Lines On the Map: The Human Geography of the US’s Southern Border


(Map 1: US Borders Prior to the Treaty of Guadalupe Hidalgo*)

With all the discussion, both in the current election cycle and year in and year out, about immigration to the US, as well as how to secure the US’s southern border, what often gets ignored is how the US got its southern border. Specifically the human geography of the southwestern US and their relationship to its border. After the conclusion of the Mexican War, in February 1848, the US and Mexico completed the negotiation of the Treaty of Guadalupe Hidalgo. The Treaty of Guadalupe Hidalgo did several things, but among them it moved the US’s southern and western borders to roughly where they are now. Basically we moved the line on the map. As was, and still is, the case when borders are drawn the people living on either side of the old and/or new borders do not always pay a lot of attention to that border in their daily lives. This can be seen in kinship maps of various parts of the world where borders were drawn, often by people far from where the borders were or would be, that subdivided or bisected members of kinship groups into separate states regardless of the reality on the ground. You can see this on ethnic maps throughout Africa, the Middle East, Central Asia, and other parts of the world.

This is also the reality with the US’s southern border. The Treaty of Guadalupe Hidalgo officially moved the lines on the map, but the day to day experience – the pattern of human settlement and the human geography of the region did not really change. Sure, more of what we now call non-Hispanic whites moved into New Mexico and west Texas and Arizona and Southern California, but the overall human geography – the people, places, and things that make up that pattern of human settlement didn’t change all that much. If you look at the pattern of settlement, based on 2010 Census data, you’ll see that where Hispanics and Latinos were living in the southern US hasn’t changed a lot. The highest density areas are still in the southwest.


(Map 2: Hispanic or Latino Population of the US**)

You’ll notice that on both the map prepared for the negotiations of the Treaty of Guadalupe Hidalgo and the Rural Health Information’s map of Hispanic or Latino population of the US based on the 2010 Census that the area that the US would get from Mexico in 1848 is still where the largest percentage of the Hispanic or Latino population of the US live. This doesn’t count south Florida, which has a different historic pattern of Hispanic settlement. What the patterns of settlement shown on the maps show us is that the border was moved on the map, but the pattern of settlement remained largely unchanged.

And off and on for almost a hundred years that border was open. People went back and forth for familial reasons, for economic reasons, for social reasons, and for political reasons (don’t forget the Mormon exodus to Mexico in the late 19th Century and their return to the US in the early 20th Century). At different times throughout the 20th Century there have been attempts to seal the southern border for security reasons, which were sometimes/often conflated with xenophobia and anti-immigration sentiment. There were also attempts by the Mexican government to police their northern border to prevent (accused) criminals from crossing into the US illegally to escape justice. And all of these, over the course of a decade in the 1940s into the 1950s culminated with Operation Wetback – the last, named operation to deal with the issue at that point in time. These efforts to regulate the southern border also included guest worker programs, like the early 1940s Bracero Program. In the 1980s the Reagan Administration pushed the Immigration and Reform Act of 1986 that included a pathway to citizenship. Later, in the 1990s, there was Operation Gatekeeper, the Clinton Administration attempt to secure the southern border. And there was also the disastrous impact of NAFTA and the war on drugs on Mexico’s economy, driving millions north in search of work to support themselves and their relatives at home. And through it all the pattern of settlement in the southwestern US has not changed very much. Until this reality – that the border may have been moved in 1848, but not the demographics of the population – is acknowledged in the debate on what to do with the migration across the US’s southern border, then it will not be possible to formulate feasible, acceptable, and suitable policies for immigration into the US across the southern border and how to best regulate and regularize it.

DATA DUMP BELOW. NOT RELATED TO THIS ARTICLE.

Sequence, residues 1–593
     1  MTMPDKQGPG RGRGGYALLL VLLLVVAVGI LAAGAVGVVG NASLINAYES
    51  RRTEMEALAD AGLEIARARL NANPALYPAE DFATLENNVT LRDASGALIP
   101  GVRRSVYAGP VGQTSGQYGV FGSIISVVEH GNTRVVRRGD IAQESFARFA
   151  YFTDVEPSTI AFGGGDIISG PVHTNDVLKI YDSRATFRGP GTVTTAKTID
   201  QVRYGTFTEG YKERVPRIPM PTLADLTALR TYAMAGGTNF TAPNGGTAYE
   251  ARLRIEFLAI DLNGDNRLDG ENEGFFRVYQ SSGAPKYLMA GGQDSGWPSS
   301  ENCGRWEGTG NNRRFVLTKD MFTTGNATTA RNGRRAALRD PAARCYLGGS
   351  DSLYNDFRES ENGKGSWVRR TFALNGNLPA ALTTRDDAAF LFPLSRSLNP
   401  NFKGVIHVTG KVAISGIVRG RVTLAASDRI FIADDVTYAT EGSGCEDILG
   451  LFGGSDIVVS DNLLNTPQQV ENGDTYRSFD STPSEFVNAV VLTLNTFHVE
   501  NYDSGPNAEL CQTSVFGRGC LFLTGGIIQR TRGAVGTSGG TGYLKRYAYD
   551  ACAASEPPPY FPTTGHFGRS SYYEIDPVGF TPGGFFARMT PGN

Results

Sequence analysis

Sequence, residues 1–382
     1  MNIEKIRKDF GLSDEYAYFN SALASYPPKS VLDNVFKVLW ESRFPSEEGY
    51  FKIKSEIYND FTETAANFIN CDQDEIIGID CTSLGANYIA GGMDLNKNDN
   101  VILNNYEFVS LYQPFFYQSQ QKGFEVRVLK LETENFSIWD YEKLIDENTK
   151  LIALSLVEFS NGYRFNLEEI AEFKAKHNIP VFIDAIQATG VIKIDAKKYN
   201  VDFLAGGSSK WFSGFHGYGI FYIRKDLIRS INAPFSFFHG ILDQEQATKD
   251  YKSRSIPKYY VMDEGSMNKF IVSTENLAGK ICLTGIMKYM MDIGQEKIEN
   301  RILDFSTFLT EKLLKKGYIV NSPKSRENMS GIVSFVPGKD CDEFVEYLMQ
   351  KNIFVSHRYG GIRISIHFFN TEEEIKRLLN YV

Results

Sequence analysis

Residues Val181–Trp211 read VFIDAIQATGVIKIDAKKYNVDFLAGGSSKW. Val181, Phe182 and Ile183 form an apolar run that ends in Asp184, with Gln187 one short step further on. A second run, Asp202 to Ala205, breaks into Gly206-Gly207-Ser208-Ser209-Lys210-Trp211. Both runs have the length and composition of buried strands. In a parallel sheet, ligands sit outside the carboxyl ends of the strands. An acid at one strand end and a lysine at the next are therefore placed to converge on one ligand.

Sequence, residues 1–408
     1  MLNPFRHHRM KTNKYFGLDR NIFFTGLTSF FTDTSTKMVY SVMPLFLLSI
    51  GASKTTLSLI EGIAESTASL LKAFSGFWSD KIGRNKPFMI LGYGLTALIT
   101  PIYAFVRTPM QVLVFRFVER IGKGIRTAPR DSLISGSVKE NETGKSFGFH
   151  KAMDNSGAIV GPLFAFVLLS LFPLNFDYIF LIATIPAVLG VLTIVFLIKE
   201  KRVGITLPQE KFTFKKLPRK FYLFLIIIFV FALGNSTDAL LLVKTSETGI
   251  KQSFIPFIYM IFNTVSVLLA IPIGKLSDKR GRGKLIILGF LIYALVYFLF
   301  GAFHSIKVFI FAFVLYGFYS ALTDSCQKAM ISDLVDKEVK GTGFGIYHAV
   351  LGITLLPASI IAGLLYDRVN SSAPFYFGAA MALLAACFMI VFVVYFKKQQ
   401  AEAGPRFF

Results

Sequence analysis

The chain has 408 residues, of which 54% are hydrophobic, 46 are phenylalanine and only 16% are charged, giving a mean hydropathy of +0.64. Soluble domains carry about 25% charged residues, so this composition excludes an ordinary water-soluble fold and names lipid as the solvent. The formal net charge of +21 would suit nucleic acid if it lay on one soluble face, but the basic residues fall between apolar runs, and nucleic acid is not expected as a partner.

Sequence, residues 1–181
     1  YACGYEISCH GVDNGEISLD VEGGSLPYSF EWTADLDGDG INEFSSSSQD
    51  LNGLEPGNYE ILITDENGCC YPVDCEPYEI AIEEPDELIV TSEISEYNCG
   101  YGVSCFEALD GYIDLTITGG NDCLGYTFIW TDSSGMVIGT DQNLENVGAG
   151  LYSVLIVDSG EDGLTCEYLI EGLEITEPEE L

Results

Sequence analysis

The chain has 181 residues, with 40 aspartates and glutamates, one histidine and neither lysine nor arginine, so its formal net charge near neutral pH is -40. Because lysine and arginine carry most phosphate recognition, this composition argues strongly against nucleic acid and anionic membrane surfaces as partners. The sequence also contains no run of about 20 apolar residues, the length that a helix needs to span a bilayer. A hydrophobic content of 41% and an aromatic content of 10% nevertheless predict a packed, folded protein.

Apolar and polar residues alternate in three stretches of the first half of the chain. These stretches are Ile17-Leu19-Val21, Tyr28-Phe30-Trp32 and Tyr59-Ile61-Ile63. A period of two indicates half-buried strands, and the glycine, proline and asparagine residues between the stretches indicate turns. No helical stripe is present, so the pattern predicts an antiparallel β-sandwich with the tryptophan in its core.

* Map found here.

** Map found here.

Three Clowns

I expect we’ll get this inside scoop on Joe and Mika from Trump right after we hear back from his Hawaiian birth certificate investigation team, but damn! Will Trump get away with this because he is Trump, or will a personal attack like this create blow-back from the Beltway press, which likely takes a dim view of references to infotainment celebrity side salads?

And really, MIKA is the insecure one? Joe Scarborough sulks like a toddler if anyone contradicts him or implies that one of his many stupid and uninformed opinions are rooted in ignorance. He’s an insecure bully, like Trump, so it’s unsurprising Trump is blind to it. Morons, the lot of them.

The Emperor Has No Balls?

I’m just going to leave this here to help you get through the evening:

Naked, life-size statues of Donald Trump were unveiled in cities all over the country on Thursday, depicting the controversial candidate with a minuscule penis without testicles. The political art project was titled “The Emperor Has No Balls.”

NYC Releases statement on Naked Trump

Trump Statement1

The actual statue photo is below the fold…because some people may NEVER want to see this. Be warned, once seen, cannot be unseen.

Read more

Trump’s “Heil Mary” Pass*

I’m going to expand on a comment in an earlier thread and disagree somewhat with distinguished colleague Tim F on what the Trump-Breitbart merger means. Replacing campaign veterans like Manafort (odious, second-rate and disreputable though they may be) with an alt-right circle-jerk might look like Trump giving up on winning the presidency. But it’s just a change in tactics.

What’s happened is that the Trump scampaign has realized that they will never win by making Trump conventionally “presidential.” He can’t pull that off. Instead, they’ll seek victory by trying to drag Hillary Clinton down to Trump’s level in the public’s perception and eke out 270 electoral votes on anti-establishment sentiment alone.

We should pause here and take in the fact that a major party nominee has openly embraced white nationalism, which the Trump-Breitbart merger confirms. We knew that already, of course, but with the Breitbart affiliation, there can now be no doubt, and it will be interesting to see how the Beltway press responds to that phenomenon.

Joy Reid, subbing for Chris Hayes last night, ably grilled a Trump scampaign surrogate on the kooky Breitbart angle, confronting him with that organization’s batshit crazy extremism. Here’s a screen grab of the Breitbart headlines Reid referenced to demonstrate what a pack of pinwheel-eyed kooks they are: